Total value of U.S. homes hits record high in 2021.

Redfin reports that from 2020 to 2021, the total value of U.S. homes increased 18.6%, approximately $6 trillion, for a record high of $38.6 trillion in December 2021. The total value of rural homes increased by 19.5%, resulting in a total of $4.2 trillion. Benefits of increasing home values were seen in rural places and metropolitan areas. The wealth increase for homeowners widened the gap between renters and homeowners across the U.S., however.

3G shutdowns problematic in rural places.

Rural America May Experience Service Blackouts as Providers Sunset 3G Service, a Daily Yonder article, looks at the impact of mobile carriers shutting down older 3G service to make room for newer technology. Some advocates for survivors of domestic violence expressed concerns whether there has been sufficient coverage about the potential loss of service for those with older phones, especially “people in rural areas, those living on reservations, people who are low-income, and people of color.”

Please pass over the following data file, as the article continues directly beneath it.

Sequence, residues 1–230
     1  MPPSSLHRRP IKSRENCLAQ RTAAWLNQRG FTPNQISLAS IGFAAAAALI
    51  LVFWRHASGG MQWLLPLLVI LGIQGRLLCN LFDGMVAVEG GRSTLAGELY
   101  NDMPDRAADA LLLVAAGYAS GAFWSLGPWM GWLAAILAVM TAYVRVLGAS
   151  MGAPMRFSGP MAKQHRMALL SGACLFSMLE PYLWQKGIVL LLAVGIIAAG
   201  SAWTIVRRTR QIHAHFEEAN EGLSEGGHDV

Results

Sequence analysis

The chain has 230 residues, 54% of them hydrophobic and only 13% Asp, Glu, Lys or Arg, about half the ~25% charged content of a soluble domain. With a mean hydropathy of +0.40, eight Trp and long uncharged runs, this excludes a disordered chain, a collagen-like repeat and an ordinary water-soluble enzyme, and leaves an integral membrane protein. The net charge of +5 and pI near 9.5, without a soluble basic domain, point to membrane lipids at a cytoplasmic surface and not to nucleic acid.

NEW! HAC seeks Policy Director, Community Development Specialist, Loan Processor Associate, and Housing Specialist.

  • The Director of Policy is a newly created position based in HAC’s Washington DC headquarters, reporting directly to the CEO and serving on HAC’s Executive Leadership Team. This individual will be expected to maintain HAC’s position as the leading authority on current rural housing and community development policy; grow HAC’s role as a non-partisan, evidence-driven authority trusted by policymakers and practitioners; and represent HAC in a wide range of forums, demonstrating issue mastery and thought leadership when communicating with Congress, federal agencies, the affordable housing and community development industry, the media, and the general public. Some travel is required.